There is no doubt irony here: the U.S. Supreme Court had to engage in what looked like judicial activism in order to thwart judicial activism run amok in Florida. But that convicts the majority Justices neither of hypocrisy nor partisanship. They felt compelled to act to block a state court decision that the Weekly Standard described as “an irrational and legally groundless edict that might actually alter a presidential election.”
Now the Weekly Standard, which was firmly in Bush’s corner, can hardly be counted as a neutral observer in this matter. But consider the words of Charles T. Wells, the Chief Justice of the Florida Supreme Court who was one of the dissenters in the four–to–three decision extending the recount (and who had gone along with an earlier unanimous decision of the court extending the certification deadline in order to accommodate a manual count of the ballots).
“I have a deep and abiding concern,” Judge Wells wrote, “that the prolonging of judicial process in this counting contest propels this country and this state into an unprecedented and unnecessary constitutional crisis. I have to conclude that there is a real and present likelihood that this constitutional crisis will do substantial damage to our country, our state, and to this Court as an institution.” “I must regrettably conclude,” he continued, “that the majority ignores the magnitude of its decision,” aspects of which he goes on to characterize as “quite extraordinary” and “[in] plain error.” In sum: “I could not more strongly disagree with [the majority] decision to . . . prolong this judicial process.” Wells’ dissent, read in full, is devastating (as is the concurring dissent of the other minority judges, which says, among other things, that “the majority is departing from the essential requirements of the law by providing a remedy which is impossible to achieve and which will ultimately lead to chaos”).
Wells also provides a potential defense of the propriety of the U.S. Supreme Court’s intervention in the case. This is not simply a state matter, he points out: “Directing [a lower circuit court] to conduct a manual recount of the ballots violates Article II, Section l, Clause 2 of the United States Constitution, in that neither this Court nor the circuit court has the authority to create the standards by which it will count the . . . ballots.” Wells also reminds his fellow judges that the U.S. Supreme Court had earlier in the counting process raised questions as to the Florida Supreme Court’s authority to order partial recounts, and his colleagues’ decision to do so anyway “appears to me to be in conflict with the United States Supreme Court decision.”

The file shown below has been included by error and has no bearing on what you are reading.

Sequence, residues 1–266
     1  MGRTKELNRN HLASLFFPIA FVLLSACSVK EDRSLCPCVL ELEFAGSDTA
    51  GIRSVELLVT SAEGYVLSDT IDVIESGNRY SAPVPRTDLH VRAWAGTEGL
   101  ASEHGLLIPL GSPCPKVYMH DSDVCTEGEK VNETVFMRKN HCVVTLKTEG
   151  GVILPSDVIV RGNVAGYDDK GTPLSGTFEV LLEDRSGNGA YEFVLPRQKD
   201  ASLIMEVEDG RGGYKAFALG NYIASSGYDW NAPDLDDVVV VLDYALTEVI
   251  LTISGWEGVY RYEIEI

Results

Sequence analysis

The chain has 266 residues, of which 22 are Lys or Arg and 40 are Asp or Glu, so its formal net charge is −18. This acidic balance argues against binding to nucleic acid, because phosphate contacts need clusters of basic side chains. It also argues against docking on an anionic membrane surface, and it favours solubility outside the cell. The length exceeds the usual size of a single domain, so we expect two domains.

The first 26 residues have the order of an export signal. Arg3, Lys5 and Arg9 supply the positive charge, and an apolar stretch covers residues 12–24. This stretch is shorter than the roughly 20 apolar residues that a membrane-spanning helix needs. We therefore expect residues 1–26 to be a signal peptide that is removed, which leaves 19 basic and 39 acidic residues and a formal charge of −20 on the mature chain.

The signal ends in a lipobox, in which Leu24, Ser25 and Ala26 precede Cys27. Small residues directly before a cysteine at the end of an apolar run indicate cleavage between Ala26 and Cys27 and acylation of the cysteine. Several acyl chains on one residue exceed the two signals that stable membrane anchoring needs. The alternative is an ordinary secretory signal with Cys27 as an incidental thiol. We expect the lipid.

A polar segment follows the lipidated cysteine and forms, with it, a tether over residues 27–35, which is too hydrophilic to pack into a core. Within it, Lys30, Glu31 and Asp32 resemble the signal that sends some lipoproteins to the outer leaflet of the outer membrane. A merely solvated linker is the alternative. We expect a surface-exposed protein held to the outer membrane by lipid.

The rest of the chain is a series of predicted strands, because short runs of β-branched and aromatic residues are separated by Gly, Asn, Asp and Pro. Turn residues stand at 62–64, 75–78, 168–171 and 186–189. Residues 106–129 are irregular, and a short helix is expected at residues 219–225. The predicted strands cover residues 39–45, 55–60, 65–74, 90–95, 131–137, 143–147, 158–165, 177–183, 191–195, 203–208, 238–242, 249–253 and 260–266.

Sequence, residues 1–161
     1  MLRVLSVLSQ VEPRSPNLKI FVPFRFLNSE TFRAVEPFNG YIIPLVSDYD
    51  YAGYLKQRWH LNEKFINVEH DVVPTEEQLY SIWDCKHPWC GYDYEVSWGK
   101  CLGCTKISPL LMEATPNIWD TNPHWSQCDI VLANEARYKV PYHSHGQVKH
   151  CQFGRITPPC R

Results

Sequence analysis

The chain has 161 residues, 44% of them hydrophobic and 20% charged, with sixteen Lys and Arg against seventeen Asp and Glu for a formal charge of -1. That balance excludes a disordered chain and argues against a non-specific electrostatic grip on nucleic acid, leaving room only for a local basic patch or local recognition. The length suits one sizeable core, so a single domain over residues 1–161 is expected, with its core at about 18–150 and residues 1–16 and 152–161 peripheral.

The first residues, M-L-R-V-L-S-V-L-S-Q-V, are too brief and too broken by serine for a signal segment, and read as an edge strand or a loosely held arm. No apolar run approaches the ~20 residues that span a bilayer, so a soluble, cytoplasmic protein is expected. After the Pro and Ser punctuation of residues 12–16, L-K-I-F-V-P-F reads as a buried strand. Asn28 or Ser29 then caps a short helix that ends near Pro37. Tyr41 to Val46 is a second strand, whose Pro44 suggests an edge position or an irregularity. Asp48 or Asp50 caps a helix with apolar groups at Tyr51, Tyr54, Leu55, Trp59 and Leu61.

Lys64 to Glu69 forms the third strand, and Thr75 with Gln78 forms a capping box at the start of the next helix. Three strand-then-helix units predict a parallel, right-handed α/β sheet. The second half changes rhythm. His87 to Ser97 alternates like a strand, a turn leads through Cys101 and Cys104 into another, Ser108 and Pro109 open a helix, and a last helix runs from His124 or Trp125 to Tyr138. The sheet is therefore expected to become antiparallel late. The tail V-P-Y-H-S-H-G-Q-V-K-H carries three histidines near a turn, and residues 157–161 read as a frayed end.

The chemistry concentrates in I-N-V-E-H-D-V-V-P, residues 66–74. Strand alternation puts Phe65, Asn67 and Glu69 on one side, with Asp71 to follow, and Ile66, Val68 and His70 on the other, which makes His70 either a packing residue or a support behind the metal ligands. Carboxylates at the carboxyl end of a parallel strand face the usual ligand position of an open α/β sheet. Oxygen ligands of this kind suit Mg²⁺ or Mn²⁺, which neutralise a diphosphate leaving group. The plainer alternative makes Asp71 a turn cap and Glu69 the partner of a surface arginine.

Wells anticipates the overturn of the Florida court’s action, one way or another: “I . . . believe that the majority’s decision cannot withstand the scrutiny which will certainly immediately follow under the United States Constitution.” That does not specifically invite the U.S. Supreme Court to be the agent of the reversal—he could have had in mind the Florida legislature or the U.S. Congress—but the reference to the “conflict with the United States Supreme Court decision” would seem, at the very least, to leave that option open.
All in all, it seems reasonable to conclude that the decision in Bush v. Gore, while unusual, was far from indefensible. The Court faced an extraordinary and unprecedented situation. It knew that the Florida court had perpetrated outrageous constitutional mischief, and by acting as promptly and authoritatively as it did it minimized the effect of that mischief. The majority Justices, confronted with a political and legal mess for which there was no unmessy solution, found perhaps the least messy solution available. Not every active use of the Supreme Court’s authority constitutes an exercise in judicial activism.